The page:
On September 13, 2021, the House Ways and Means Committee released its tax proposal (the Committee Proposal) for raising revenue to help fund President Biden’s Build Back Better Act.

While much may change during the legislative process, if enacted in their current form, the Committee Proposal changes outlined in the “Estate Planning Related Highlights” below would have a significant impact on estate planning by (i) accelerating to the end of this year the reduction of the estate, gift and generation-skipping transfer (GST) tax exemption amounts that were doubled for a limited period of time during the last administration and (ii) changing dramatically the income and transfer tax rules with respect to grantor trusts, as well as valuation rules for certain transfers. 

Given this uncertain environment for estate planning, clients should consider the following:

  • Clients who have not yet taken full advantage of the current, increased gift tax exemption amounts should complete any planned gifts before the end of the year or, if such plans involve gifting to irrevocable grantor trusts, transfers to such trusts should be completed before the sooner of the end of the year and the date of enactment of any tax legislation that includes the transfer tax changes affecting grantor trusts.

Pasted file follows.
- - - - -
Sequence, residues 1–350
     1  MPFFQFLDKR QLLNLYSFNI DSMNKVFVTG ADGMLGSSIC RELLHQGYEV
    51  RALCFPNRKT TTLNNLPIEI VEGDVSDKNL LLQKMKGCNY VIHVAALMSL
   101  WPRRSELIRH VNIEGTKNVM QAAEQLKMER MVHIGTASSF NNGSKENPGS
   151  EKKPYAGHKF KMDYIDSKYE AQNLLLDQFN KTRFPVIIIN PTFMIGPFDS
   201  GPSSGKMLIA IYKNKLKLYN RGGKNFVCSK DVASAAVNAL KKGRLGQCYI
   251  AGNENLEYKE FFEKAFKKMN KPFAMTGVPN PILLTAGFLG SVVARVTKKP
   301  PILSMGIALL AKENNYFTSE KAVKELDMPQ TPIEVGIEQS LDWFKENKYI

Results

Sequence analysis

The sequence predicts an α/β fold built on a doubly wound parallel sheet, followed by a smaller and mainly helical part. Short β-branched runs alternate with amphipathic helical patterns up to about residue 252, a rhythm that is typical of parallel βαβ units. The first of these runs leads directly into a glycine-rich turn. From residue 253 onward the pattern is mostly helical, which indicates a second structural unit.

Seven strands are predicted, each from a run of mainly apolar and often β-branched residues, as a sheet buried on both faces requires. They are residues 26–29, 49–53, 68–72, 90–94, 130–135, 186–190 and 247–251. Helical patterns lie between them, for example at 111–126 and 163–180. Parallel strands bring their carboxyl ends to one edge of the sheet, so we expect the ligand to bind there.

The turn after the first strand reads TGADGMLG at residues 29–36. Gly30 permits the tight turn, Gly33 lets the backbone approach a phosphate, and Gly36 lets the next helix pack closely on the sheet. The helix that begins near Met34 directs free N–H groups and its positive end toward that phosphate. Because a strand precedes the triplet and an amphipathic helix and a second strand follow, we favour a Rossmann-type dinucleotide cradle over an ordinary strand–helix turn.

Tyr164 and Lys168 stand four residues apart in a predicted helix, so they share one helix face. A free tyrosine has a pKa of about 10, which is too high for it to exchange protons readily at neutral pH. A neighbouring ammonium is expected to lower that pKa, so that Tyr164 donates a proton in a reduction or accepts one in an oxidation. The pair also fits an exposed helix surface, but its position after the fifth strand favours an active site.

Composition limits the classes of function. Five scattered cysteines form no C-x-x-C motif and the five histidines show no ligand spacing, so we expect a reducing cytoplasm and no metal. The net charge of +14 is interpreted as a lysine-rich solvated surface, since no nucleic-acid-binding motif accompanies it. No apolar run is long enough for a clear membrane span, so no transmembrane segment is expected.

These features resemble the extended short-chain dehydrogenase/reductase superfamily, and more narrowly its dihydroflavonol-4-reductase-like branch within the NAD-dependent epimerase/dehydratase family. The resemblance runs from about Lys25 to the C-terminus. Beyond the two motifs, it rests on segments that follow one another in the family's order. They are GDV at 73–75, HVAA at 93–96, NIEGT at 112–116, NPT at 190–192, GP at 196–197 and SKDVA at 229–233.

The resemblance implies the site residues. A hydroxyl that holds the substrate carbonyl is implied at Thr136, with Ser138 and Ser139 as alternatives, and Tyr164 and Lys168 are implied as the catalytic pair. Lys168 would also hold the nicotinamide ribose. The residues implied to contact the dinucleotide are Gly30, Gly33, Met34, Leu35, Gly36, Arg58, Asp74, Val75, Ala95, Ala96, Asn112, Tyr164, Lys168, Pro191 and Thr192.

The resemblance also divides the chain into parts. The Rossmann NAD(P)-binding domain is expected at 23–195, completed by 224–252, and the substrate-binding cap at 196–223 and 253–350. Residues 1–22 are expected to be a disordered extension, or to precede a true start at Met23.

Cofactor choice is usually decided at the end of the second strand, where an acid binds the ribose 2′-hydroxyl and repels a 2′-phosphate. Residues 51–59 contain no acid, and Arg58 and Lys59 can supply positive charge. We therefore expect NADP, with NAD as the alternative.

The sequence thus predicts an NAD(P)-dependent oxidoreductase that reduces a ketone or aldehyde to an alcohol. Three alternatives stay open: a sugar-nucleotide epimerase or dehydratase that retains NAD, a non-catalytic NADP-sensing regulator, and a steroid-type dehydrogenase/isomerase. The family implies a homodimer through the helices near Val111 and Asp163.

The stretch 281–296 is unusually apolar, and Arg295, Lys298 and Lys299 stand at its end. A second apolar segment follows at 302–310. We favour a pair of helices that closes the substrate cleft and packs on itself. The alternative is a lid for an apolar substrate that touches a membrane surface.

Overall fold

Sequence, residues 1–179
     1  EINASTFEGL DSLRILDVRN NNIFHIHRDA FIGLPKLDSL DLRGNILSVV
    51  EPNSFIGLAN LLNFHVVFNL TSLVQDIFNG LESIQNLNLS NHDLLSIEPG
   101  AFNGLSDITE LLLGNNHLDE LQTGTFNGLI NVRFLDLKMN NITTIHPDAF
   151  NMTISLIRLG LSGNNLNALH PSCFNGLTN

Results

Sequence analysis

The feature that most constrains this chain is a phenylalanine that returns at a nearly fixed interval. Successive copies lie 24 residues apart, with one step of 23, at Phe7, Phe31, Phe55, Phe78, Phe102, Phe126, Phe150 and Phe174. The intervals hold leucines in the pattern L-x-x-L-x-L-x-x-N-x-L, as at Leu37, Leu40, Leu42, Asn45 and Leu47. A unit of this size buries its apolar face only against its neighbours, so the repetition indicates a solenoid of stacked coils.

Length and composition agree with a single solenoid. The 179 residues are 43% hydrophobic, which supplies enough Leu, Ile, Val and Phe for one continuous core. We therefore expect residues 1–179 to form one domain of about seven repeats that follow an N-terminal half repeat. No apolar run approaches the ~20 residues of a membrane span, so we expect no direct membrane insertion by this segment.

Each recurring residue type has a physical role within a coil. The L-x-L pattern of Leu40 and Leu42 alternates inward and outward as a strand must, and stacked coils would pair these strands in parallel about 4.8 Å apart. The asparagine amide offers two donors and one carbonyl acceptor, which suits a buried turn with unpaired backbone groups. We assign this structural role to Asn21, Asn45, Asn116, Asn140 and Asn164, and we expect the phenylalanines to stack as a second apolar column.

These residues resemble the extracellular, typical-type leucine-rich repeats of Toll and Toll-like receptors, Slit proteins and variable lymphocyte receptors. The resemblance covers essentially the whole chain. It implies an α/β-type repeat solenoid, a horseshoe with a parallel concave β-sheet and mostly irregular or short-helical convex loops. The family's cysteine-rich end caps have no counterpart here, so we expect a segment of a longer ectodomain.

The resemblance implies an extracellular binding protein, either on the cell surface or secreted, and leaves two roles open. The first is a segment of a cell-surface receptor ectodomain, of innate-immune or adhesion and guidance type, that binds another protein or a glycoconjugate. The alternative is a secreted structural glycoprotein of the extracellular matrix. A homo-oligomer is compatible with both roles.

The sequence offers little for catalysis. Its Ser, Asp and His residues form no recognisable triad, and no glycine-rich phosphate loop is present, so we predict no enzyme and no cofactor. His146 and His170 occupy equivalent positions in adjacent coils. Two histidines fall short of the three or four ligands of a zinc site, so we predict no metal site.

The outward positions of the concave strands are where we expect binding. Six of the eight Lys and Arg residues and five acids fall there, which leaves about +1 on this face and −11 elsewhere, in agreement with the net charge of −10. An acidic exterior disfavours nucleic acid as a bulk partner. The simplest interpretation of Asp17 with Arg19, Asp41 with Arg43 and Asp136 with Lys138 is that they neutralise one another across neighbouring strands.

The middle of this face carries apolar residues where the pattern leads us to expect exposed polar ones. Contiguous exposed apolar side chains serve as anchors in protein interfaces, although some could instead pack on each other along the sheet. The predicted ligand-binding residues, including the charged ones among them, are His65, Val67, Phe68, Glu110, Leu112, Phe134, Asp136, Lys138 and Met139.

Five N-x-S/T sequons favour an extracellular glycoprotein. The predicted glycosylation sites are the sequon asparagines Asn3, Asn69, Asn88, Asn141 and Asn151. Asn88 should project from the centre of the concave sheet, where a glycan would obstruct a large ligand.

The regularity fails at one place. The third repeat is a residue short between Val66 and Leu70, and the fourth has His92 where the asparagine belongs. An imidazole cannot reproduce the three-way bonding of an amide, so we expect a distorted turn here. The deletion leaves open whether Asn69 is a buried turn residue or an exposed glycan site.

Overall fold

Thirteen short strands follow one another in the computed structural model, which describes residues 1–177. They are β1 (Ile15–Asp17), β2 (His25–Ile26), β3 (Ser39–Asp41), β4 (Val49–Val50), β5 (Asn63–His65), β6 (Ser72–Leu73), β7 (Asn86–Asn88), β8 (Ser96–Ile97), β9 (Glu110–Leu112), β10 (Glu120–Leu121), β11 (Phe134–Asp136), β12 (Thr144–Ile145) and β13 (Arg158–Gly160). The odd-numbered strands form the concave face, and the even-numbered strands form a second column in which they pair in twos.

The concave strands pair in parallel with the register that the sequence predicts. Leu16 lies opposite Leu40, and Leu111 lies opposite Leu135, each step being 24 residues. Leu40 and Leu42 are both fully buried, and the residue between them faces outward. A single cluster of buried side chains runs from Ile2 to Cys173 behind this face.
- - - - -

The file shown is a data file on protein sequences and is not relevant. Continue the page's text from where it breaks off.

• Clients who have already used all of their current gift tax exemptions but not all of their current GST tax exemptions should consider making late allocations of their GST tax exemptions to existing trusts that are not fully exempt from GST tax.  Late GST allocations have no gift tax consequences.
  • Married couples who plan to make gifts that, in the aggregate, will not exceed one spouse’s available exemption amount might consider structuring and funding such gifts so they are all made by the same donor spouse (and electing not to split gifts on their gift tax returns) in order potentially to preserve more of the non-donor spouse’s unused exemption remaining after the amounts are reduced.